By Jonny Evans,
Appleholic, (noun), æp·əl-hɑl·ɪk: An imaginative person who thinks about what Apple is doing, why and where it is going. Delivering popular Apple-related news, advice and entertainment since 1999.
Jamf says Apple’s devices are now in use across the world’s biggest and most valuable brands as the pace of change accelerates in response to COVID-19. I spoke with Jamf CEO Dean Hager about what’s going on.
Apple is seeing growth across all industries, though its trajectory is a little slower in the financial industry, field services and transportation, Hager said.
He observed that COVID-19 means that even those industries are now changing, however, as the ability to remain connected and productive now requires all workers to have the right technology.
Solutions from Jamf now run over 20 million Apple devices used across the enterprise. It now has more than 47,000 customers, including 24 of the 25 most valuable Forbes brands, 70% of the top 10 Fortune 500 companies, all 10 of the largest U.S. banks and every single one of the world’s 10 top universities.
You’ll also find Jamf helping to manage Apple deployments in hospitals, schools, government agencies, and more – and, in part driven by COVID-19, the pace of platform deployment is intensifying.
“COVID-19 forced many organizations to adapt to survive, but trends like remote work, distance learning and telehealth are here to stay,” Hager explained.
“In 2021, organizations will be focusing on how to build and work with technology partners to better support these trends to their end users for the long-term.”
The rush to support work from home early on in the pandemic was all about survival, with enterprises making the best decisions they could within very limited available time. As the pandemic continues, enterprises are growing to recognize the challenges of ensuring support in the long term.
“2021 is about building for the future,” said Hager. “Enterprise organizations need to focus on providing technology to employees ‘that just work’ — whether they are in the office, at home, or on the road. Employees working at home can’t walk down to IT for service.
“Simplicity has never been more important. Deploying technology to employees without IT touching it has never been more important. And building a zero-trust security posture for employees to access cloud resources has never been more important.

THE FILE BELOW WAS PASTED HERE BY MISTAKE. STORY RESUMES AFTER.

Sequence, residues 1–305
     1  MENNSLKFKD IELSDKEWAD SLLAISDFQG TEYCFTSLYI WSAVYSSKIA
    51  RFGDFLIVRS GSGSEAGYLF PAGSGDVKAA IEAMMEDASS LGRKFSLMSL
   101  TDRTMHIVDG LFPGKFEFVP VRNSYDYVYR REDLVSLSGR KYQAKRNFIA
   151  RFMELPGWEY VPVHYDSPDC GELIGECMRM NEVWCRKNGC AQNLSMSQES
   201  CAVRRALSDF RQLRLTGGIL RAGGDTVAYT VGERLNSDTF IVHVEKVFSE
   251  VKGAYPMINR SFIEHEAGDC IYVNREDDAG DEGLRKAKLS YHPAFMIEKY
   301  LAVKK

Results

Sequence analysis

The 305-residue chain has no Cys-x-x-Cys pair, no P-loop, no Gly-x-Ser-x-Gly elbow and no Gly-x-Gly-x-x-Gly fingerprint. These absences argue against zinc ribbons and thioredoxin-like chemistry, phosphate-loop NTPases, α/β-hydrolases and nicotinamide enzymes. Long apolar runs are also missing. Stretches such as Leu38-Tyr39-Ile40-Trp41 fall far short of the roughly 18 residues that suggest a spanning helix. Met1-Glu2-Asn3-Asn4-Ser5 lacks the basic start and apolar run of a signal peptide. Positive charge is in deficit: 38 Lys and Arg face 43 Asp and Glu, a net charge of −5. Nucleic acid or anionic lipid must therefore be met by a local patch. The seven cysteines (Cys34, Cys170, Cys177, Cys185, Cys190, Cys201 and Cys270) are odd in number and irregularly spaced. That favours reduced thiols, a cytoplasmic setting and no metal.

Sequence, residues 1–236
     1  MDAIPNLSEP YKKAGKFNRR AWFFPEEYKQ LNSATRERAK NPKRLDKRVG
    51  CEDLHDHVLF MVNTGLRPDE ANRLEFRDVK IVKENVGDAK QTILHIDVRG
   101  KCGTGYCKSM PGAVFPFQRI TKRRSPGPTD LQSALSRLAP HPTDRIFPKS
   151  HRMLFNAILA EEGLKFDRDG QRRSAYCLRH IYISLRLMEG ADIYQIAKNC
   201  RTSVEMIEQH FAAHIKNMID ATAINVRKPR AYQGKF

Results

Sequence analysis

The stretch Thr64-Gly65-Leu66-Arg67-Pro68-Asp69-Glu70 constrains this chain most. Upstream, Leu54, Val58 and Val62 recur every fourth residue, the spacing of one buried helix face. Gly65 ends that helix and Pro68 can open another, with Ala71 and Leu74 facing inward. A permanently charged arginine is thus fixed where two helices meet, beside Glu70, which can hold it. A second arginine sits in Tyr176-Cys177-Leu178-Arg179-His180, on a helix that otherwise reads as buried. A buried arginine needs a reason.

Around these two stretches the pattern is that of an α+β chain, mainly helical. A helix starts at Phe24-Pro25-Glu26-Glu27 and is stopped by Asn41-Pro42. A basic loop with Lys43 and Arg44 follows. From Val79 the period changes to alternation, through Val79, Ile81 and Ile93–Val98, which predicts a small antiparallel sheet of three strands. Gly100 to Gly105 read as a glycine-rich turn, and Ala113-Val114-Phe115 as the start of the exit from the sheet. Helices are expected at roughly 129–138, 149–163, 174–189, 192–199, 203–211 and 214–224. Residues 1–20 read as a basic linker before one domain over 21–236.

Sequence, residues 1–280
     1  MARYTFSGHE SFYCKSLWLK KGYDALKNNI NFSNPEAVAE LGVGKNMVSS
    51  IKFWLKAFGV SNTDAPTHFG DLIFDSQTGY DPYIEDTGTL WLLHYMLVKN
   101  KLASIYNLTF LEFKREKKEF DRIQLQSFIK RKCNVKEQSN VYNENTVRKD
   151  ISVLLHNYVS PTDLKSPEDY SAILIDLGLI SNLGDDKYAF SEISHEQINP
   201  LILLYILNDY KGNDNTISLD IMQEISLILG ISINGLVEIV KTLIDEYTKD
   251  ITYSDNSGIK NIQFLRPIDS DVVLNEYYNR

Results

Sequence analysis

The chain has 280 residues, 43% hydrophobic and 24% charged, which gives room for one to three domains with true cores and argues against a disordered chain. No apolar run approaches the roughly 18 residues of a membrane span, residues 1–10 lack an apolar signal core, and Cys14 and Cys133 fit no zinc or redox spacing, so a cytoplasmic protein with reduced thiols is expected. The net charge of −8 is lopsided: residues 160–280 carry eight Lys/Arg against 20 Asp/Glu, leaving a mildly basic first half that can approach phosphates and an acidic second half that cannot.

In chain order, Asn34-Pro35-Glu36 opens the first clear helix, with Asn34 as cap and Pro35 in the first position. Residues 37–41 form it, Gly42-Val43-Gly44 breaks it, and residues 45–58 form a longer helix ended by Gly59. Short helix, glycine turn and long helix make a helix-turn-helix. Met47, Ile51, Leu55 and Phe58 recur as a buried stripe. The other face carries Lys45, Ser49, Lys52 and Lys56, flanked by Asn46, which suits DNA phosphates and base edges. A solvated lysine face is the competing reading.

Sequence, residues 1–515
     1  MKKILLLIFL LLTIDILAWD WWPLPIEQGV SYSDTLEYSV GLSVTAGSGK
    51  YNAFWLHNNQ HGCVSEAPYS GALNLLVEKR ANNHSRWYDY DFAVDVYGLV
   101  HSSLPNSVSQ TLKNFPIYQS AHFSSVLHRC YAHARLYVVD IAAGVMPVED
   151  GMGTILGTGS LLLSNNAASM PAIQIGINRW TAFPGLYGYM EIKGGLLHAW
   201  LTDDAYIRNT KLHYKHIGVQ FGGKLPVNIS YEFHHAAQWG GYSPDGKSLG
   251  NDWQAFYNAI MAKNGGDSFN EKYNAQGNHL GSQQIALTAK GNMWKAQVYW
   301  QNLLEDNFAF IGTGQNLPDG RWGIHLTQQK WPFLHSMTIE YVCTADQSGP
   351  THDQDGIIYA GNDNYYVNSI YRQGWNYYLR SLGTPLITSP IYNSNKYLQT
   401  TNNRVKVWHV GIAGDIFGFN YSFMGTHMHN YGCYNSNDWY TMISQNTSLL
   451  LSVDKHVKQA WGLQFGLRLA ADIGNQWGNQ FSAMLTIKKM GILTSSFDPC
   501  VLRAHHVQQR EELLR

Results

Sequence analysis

“Employees working at home will naturally expect their work technology to be as simple as their home technology. The consumerization of IT that has been underway for the past decade is going to accelerate.”
That consumerization of IT also means employers and employees are more likely than before to support employee-choice schemes. These provide a level of autonomy the fosters engagement, loyalty, and productivity.
Adopting new platforms isn’t easy. I asked Hager about the three biggest challenges organizations face when considering a move to iPhones, iPads or Macs across their business. As you might imagine, anticipated deployment cost, app compatibility, and the need for visible security protection are the biggest obstacles, even though there is strong evidence that the total cost of ownership of Apple’s devices is lower in the long term.
When it comes to app compatibility, Hager said: “Even if a specific app is not compatible with a particular piece of hardware, and those are getting fewer and father between, there is inevitably another app that can take its place and ensure the employee remains productive and on track. Or, if given the choice, most employees would choose to use Apple, even if they need to use a virtualized Windows-based app for one or two tasks.”
Solutions, including Jamf Protect, help enterprise users gain better visibility into security challenges across their organizations.
“With more employees working from home, companies will focus less on building out facilities and more on making the home environment exceptional for workers — and that starts with the technology they prefer,” Hager said.
Managing complex mixes of platforms across remote environments poses different challenges, so I asked Hager what he feels C-suite executives should look for when searching for internal IT support and external tech support partners.
“Look for partners that focus on the ecosystems you offer to employees,” he said. “Partners that try to ‘do it all’ often force organizations to offer a dulled, slow, end-user experience that lags behind the latest capabilities. This is exactly the opposite of what you want to offer your employees.
“Offering same-day support of the latest operating system is no small feat, but it’s critical for eliminating security threats, lowering support cost, and ensuring workflows are not disrupted. Finding a partner that innovates as the pace the ecosystem requires.”
Around 60% of enterprises now plan to maintain support for remote working moving forward in the future of work.
Jonny is a freelance writer who has been writing (mainly about Apple and technology) since 1999.
Copyright © 2021 IDG Communications, Inc.
Copyright © 2021 IDG Communications, Inc.